Musician and journalist Roger Lucey’s music was banned during apartheid in South Africa. In this interview he speaks about his personal experiences with music censorship: it’s impact on the artist, about the long term effects of censorship in a society such as South Africa, and how to deal with the past.
|The video interview was recorded by Ole Reitov in Harare in Zimbabwe in April 2005. His performance was recorded by Mik Aidt at Babylon in Istanbul on 27 November 2006.
Roger Lucey took part in presenting the session ‘On tour with the enemy’ at the third Freemuse World Conference which was held in Istanbul, Turkey, in November 2006.
Roger Lucey was born in South Africa in 1954. Started writing songs and singing in Durban in the 1970’s. Moved to Johannesburg in late 1970’s and recorded his first album there which was banned for possession and distribution. Second album was also restricted. During this time security police engaged in covert activity to silence him. After several years of crisis he started working for an international tv news agency. Lucey is a main character in the Freemuse film ‘Stopping the Music’. After several years of silence, he has now started recording and performing again.
Roger Lucey: “In many ways Freemuse came into my life at a time when I was about to give up on music completely. The trauma of having my voice silenced, especially in the covert way that it was done made it very difficult for me to come back and do the thing that I loved more than any other. (Freemuse director) Marie Korpe and (Freemuse programme officer) Ole Reitov initiated a process that enabled me to understand the pain and anger that came from that experience and to meet my nemesis, Paul Erasmus. I am now able to write and play with a new freedom where the past is in its place and future is an open road.”
In 2007 Roger Lucey was invited to be an ‘ambassador’ for Freemuse.
“This was the kind of recognition that ten years ago I could only have dreamed of. But it is not only me that Freemuse have helped in the crisis that so often befalls musicians who speak their minds; Look at the support and strength they have given to Ferhat Tunc, Marcel Khalife and so many others whose voices the authorities were so eager to silence. Music censorship is an evil that must me relegated to the dark past,” stated Roger Lucey.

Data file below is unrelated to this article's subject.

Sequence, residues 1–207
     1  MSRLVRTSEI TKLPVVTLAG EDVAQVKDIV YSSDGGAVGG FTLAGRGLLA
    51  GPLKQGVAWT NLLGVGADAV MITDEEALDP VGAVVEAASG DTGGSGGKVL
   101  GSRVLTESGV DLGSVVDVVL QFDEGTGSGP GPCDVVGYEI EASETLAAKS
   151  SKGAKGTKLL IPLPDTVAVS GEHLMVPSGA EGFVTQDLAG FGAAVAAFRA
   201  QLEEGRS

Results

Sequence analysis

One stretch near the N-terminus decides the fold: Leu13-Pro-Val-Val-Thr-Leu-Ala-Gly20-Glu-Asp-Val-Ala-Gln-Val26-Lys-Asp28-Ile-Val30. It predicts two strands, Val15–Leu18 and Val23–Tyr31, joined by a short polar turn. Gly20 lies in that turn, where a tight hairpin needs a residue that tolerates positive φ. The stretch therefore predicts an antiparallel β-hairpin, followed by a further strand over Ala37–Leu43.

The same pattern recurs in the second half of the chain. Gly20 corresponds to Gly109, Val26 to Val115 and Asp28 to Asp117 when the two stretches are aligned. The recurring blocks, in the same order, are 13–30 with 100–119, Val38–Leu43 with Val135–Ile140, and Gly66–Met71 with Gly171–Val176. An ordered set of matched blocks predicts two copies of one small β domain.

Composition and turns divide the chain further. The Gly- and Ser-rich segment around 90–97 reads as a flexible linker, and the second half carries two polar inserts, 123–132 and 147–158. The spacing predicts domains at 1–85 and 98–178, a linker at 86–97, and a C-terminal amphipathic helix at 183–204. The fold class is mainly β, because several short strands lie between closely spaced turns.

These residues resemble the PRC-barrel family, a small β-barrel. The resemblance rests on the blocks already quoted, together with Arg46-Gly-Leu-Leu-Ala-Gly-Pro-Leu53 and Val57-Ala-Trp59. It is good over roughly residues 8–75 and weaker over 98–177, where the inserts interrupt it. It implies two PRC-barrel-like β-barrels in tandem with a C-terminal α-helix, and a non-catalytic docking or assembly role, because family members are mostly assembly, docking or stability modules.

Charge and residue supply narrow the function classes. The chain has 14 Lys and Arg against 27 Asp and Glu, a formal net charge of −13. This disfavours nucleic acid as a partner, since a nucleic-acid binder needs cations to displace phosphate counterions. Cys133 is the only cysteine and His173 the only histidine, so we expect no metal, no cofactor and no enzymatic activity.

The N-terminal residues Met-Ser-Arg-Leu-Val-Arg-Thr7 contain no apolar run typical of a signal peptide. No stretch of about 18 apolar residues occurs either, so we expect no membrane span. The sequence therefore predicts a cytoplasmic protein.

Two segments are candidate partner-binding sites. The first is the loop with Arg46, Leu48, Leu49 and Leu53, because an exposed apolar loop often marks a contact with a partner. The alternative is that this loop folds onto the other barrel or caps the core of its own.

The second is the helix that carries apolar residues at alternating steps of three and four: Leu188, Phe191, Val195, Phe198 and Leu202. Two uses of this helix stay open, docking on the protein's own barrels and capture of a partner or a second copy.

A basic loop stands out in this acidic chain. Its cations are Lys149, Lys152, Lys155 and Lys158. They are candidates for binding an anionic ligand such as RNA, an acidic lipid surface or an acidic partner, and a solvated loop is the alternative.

Basque singer Fermin Muguruza suffers from concert prohibitions
Already before yesterday’s concert in Valencia and today’s show in Borriana (Castellon) were called off, it came to incidents. The official reason, which the organizer in Valencia mentioned, were threats of neo-fascist groups. One could reckon with encroachments because of demonstrations. But instead of forbidding the demos of the fascists, the concerts were obstructed. Even more rude and more obvious was the situation in Borriano. First the organizers of the Sala Duende had stood held to the pressure. Then they were ordered to the Guardia civil and the mayor threatened with closing the restaurant, if the concert took place.
In the meantime the concerts in the Spanish capital Madrid planned on 28 and 29 January have been cancelled. This is also tragic, because they are part of an action week for the zapatistic resistance in Mexico. Last weekend a concert of the basque groups of Berri Txarrak and Leihotikan was already suspended in the Spanish capital.
For years the governing conservative People’s Party (PP) and the organisation “Victims of Terror” (AVT) proceed against basque groups. AVT sued Muguruza, Su Ta Gar and Soziedad Alkoholika, because they “called out for terrorism”. Muguruza called the basque separatist-organisation ETA to ceasefire, but his commitment for the rights of the political prisoners and against torture is still regarded as a provocation. Even more as he ran for parties of the left basque movement of independence.
The attack of the nationally organized death squadron (GAL) in the hotel Monbar left its mark on the ex-front man of Kortatu and Negu Gorriak. During this incident in the middle of the 1980’s, three basque persons living in exile in Southern France were murdered, Muguruza was present. Already last year 400 artists and intellectuals had turned against the prohibitions. In a communist manifesto, which was signed also by Carlo Taibo, Ignacio Ramonet and Vázquez Montalbán, was written: “The suspension of concerts and the black tide of lies and wrong accusations in some medias are bad news, an attack on culture, the common sense, injustice”.
Muguruza announced, he would continue his tour. In February he will reach France, Switzerland and Germany, where the first concert takes place on 11 February in Munich.
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